Game Eight: Princeton — The Good, the Bad & the Ugly

Penn kept its Ivy title hopes alive with a 28-21 victory at Princeton on Saturday (see recap). Billy Ragone led another game-winning drive in the fourth quarter, while the defense kept the Quakers in the game, forcing four turnovers on the day. The Red and Blue are still tied with Harvard for first place in the league. They face the Crimson — who beat Columbia, 69-0, on Saturday — next weekend at Franklin Field.

THE GOOD: The running game. Penn had its best ground game of the season with 211 rushing yards on 47 attempts, significantly more than the season average of 132.9 yards. Lyle Marsh led the way with 104 net yards on the ground, followed by Billy Ragone with 61 and Jeff Jack with 50. Ragone and Jack each had a rushing touchdown on the day.

THE BAD: Penn's pass rush. Penn had just one sack on Princeton's two quarterbacks. Connor Michelsen and Quinn Epperly threw for 319 yards combined and often had plenty of time to find an open receiver. After Saturday's game, Penn has just 11 sacks on the season, second-worst in the Ivy League.

THE UGLY: Penn students' attempt to rush the field. Penn Athletics arranged for buses to bring students to the game, and many Greek organizations organized their own transportation, so the stands were packed with Penn students. As the clock ran out and the Quakers sealed their 28-21 victory over Princeton, there was a pathetic attempt to rush the field. No more than 20 students participated, and everything quickly fell apart as the students ran into the masses of players meeting in the middle of the field to shake hands.

14 thoughts on “Game Eight: Princeton — The Good, the Bad & the Ugly

    At least they went up to Princeton to cheer their school to victory. I applaud them. GO QUAKERS !!!!!

  2. FOJL Postgame Notes:

    Great resilency by the Penn D -- big INT bailed out the offense.

    Ragone -- still spotty and inconsistent, but got job done
    when it counted

    Students -- good job in organizing and making the easy trek to Palmer Stadium. They dont have alot of experience in rushing the field, so i will give them the break too. If Penn beats Harvard next week, I would hope the Bronzed One would let the students onto his hallowed turf at Franklin Field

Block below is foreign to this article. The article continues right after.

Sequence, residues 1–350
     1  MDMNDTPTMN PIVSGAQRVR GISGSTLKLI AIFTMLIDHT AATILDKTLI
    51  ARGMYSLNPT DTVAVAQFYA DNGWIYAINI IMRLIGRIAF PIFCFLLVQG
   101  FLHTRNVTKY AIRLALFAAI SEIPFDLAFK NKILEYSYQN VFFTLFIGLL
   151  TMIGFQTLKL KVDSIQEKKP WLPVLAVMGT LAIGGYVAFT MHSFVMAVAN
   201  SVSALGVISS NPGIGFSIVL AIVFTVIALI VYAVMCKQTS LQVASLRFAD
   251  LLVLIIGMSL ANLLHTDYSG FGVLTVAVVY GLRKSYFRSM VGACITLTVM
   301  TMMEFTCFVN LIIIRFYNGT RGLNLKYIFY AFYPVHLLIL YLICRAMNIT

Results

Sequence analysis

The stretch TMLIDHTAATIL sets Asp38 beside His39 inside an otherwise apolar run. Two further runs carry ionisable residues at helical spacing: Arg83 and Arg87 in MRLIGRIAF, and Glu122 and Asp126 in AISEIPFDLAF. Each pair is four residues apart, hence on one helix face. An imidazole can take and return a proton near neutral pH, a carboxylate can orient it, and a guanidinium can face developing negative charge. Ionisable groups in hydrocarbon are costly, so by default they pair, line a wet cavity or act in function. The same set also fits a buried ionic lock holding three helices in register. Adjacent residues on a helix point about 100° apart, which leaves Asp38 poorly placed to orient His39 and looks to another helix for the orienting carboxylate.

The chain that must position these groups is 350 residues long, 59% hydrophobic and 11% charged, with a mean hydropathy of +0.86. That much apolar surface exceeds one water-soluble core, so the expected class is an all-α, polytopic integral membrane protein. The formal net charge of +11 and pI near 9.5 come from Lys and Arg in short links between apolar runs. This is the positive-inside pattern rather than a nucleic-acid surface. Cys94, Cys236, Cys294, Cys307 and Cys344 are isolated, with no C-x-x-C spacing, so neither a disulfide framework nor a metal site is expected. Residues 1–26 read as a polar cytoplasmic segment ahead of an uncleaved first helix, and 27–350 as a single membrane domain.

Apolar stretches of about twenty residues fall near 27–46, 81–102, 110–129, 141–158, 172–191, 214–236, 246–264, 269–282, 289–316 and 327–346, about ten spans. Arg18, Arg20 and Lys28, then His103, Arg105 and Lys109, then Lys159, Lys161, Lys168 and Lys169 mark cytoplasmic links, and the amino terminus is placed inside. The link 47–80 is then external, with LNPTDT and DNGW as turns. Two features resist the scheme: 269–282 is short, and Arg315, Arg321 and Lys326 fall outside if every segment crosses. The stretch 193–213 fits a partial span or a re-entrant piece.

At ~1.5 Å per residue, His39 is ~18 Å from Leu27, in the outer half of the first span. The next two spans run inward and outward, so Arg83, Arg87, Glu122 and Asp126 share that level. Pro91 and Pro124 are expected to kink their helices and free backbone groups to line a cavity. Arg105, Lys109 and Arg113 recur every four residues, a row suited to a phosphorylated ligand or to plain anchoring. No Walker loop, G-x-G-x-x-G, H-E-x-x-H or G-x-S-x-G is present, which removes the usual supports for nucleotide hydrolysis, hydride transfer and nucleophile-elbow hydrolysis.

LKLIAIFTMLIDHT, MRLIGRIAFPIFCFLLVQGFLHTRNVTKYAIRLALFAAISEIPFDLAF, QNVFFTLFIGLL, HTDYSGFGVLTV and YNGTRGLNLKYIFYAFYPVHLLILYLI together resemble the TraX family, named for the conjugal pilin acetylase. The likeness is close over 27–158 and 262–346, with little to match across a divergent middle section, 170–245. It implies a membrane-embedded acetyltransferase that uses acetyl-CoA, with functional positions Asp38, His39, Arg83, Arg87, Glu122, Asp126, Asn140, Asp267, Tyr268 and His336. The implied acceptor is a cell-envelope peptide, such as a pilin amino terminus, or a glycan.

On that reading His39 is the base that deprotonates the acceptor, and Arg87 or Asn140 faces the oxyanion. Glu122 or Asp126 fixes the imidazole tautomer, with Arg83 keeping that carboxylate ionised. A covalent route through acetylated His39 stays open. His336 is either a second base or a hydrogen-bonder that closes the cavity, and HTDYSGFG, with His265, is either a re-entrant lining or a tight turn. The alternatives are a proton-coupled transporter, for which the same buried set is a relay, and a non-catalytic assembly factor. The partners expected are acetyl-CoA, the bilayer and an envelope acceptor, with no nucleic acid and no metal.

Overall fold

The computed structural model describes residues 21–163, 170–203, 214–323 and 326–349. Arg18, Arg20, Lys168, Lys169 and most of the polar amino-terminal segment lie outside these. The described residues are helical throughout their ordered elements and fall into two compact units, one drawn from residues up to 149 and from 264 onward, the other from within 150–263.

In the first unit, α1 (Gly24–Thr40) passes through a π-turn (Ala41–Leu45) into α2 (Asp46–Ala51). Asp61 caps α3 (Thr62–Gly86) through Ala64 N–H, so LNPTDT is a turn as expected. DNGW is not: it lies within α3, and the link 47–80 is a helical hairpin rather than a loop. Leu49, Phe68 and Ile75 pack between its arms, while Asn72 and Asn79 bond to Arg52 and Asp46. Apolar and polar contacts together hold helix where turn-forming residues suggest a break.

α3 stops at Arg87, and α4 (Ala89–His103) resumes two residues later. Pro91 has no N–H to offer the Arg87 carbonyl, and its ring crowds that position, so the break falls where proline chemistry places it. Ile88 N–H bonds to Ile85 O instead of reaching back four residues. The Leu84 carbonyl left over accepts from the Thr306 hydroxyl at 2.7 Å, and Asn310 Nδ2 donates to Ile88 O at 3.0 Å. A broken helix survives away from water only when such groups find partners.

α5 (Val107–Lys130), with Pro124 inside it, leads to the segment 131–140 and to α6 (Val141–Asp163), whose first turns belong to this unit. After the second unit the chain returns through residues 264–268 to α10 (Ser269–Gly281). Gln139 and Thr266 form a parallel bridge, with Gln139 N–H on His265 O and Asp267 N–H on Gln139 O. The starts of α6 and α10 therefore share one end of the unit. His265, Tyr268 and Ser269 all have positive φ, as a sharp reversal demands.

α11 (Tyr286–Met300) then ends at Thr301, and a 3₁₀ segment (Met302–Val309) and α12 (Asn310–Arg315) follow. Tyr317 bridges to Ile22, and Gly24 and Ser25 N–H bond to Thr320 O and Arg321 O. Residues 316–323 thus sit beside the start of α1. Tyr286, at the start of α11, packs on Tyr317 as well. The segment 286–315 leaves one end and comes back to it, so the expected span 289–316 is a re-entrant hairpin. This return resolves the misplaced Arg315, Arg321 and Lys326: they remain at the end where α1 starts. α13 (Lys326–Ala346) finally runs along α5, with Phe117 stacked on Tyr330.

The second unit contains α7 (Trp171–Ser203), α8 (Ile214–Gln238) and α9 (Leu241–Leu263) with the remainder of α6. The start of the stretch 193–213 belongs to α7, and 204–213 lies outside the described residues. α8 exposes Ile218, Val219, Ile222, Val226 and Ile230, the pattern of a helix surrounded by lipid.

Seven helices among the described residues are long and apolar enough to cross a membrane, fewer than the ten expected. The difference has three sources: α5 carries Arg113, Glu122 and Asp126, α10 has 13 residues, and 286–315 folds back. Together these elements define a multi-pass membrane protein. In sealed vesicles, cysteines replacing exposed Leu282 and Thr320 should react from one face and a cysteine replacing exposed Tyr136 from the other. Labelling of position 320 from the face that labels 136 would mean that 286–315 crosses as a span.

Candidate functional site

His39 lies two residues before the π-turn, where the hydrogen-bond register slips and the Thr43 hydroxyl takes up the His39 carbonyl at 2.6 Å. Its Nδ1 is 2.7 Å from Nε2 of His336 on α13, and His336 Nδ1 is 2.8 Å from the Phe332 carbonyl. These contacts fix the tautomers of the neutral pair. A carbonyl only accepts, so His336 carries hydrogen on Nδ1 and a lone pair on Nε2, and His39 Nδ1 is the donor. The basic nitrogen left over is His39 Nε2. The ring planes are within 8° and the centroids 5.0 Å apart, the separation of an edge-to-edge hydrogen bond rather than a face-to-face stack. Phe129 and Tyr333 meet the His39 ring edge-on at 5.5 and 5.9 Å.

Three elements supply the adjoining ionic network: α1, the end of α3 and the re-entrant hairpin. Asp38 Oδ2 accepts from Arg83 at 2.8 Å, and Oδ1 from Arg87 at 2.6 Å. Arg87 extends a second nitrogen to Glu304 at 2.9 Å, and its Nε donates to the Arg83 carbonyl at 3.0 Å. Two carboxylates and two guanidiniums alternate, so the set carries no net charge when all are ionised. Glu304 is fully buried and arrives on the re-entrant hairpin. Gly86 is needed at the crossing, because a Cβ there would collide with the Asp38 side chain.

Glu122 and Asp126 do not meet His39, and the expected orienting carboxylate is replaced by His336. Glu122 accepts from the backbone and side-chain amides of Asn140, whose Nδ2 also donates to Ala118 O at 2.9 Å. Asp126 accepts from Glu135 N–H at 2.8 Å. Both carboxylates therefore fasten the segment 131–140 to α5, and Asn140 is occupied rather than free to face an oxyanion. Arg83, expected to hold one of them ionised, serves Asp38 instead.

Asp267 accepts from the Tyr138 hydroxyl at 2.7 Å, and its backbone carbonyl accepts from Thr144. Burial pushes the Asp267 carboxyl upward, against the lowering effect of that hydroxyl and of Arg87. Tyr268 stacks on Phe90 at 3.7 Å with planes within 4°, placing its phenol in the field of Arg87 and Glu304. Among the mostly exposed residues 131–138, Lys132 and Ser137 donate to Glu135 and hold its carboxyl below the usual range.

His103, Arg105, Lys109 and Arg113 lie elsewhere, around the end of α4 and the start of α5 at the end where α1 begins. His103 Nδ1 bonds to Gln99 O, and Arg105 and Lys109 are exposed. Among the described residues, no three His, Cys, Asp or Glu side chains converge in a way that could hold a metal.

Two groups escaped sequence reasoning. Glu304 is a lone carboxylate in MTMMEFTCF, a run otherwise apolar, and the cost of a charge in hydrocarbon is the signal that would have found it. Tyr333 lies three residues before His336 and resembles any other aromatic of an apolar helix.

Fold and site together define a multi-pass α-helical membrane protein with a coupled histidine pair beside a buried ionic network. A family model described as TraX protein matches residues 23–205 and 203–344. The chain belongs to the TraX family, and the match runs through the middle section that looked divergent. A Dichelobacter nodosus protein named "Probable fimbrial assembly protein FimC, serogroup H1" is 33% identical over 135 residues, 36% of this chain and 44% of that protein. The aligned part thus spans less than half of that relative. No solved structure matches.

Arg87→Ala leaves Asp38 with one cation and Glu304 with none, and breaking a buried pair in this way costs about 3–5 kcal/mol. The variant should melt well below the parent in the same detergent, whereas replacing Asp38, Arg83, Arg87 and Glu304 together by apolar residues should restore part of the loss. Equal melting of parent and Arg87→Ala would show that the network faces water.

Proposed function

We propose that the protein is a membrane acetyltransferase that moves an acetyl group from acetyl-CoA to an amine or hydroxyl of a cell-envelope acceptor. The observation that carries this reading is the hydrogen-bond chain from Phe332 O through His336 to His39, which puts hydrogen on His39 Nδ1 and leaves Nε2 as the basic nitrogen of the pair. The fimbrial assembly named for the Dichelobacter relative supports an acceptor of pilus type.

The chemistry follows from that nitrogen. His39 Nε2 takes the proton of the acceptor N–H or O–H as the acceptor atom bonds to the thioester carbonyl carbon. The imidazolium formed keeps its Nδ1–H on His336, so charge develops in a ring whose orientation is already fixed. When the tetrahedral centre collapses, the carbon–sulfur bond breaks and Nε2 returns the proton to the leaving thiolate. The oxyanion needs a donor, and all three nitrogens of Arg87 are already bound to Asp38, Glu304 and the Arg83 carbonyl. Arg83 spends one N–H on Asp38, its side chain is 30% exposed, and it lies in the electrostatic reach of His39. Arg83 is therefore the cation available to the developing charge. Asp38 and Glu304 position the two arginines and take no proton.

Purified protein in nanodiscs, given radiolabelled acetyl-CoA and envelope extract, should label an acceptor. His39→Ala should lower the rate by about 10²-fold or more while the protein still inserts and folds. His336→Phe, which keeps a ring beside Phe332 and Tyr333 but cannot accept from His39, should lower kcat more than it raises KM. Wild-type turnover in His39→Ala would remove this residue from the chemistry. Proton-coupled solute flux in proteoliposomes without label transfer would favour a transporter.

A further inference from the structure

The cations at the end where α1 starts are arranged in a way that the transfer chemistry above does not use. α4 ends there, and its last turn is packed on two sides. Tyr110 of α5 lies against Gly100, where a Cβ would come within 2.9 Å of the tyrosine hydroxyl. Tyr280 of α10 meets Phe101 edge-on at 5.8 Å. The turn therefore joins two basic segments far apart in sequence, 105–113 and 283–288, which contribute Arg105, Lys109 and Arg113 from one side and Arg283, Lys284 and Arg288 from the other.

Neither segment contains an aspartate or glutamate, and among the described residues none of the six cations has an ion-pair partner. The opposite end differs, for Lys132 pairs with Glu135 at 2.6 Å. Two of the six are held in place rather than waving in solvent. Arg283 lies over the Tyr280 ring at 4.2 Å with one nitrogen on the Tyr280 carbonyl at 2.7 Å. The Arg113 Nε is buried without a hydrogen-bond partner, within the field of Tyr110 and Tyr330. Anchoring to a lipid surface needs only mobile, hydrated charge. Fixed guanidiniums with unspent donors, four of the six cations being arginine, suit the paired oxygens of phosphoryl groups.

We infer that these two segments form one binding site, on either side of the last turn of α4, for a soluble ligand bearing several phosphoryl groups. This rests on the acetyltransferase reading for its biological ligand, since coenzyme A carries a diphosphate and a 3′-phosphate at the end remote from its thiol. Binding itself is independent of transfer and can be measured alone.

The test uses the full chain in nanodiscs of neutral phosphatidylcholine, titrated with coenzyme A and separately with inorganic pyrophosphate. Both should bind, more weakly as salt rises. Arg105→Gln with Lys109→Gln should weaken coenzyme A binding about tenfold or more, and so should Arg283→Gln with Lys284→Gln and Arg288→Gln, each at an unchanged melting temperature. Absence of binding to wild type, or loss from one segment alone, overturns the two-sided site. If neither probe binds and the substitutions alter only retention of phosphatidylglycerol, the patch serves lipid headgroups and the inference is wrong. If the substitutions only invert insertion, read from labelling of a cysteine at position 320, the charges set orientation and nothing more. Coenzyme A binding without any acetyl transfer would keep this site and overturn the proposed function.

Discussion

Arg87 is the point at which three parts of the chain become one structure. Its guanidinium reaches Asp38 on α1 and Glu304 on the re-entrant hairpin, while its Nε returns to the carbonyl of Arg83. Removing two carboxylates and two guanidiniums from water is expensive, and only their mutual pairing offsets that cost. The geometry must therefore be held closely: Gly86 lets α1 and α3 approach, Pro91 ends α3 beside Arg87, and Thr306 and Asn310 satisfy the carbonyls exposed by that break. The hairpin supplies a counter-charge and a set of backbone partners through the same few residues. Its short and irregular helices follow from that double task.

Missing in Action (MIA) - Jonothon Tannenwald was absent and missed one of the more thrilling games of the season. I can only imagine where he was this week. Probably doing one of his 734 items on his task list

    Special kudos to ACE Alum Dave Zeitlin for joining us in the chat during the game. He does a terrific job with his work at the Penn Gazette, and we appreciate that he participated and contributed. The same cannot be said for Tannenwald, who continues to refrain from being a part of something that is fun and passionate. He truly has jumped the shark. A major THUMBS DOWN to him....

  3. This team besmirches the noble tradition of Penn Football as practiced by luminaries such as John Outland, John Heisman, Bert Bell, Chuck Bednarik and Harry Gamble.

    Al Bagnoli should be fired immediately if he doesn't resign first. He has lost his ability to coach and recruit.

    Oh... Penn is leading the Ivies?


  4. This was a great game to watch in person- the Princeton campus is really amazing- and the rivalry was intense. Every time Penn made serious progress, the Princeton side was silent. And vice versa. One of the more exciting game in the last few years. And Penn's defense appears to be back.

  5. Once again, Missing in Action (MIA), FOJL was absent and missed one of the more thrilling games of the season. I can only imagine where he was this week.

    Where was FOJL? Stop hiding and participate at a game!


    Thank you for the contribution. My geography and Sunday committments prohibited me from attending the Princeton game at Palmer Stadium. As Alyssa Kress and Anna Strong will confirm, I was fortunate to partake in the live blog coverage through the DP Buzz website.

  7. And Tannenwald still doesnt engage in dialogue and open communications.

    He in on the verge of becoming a complete hypocrite

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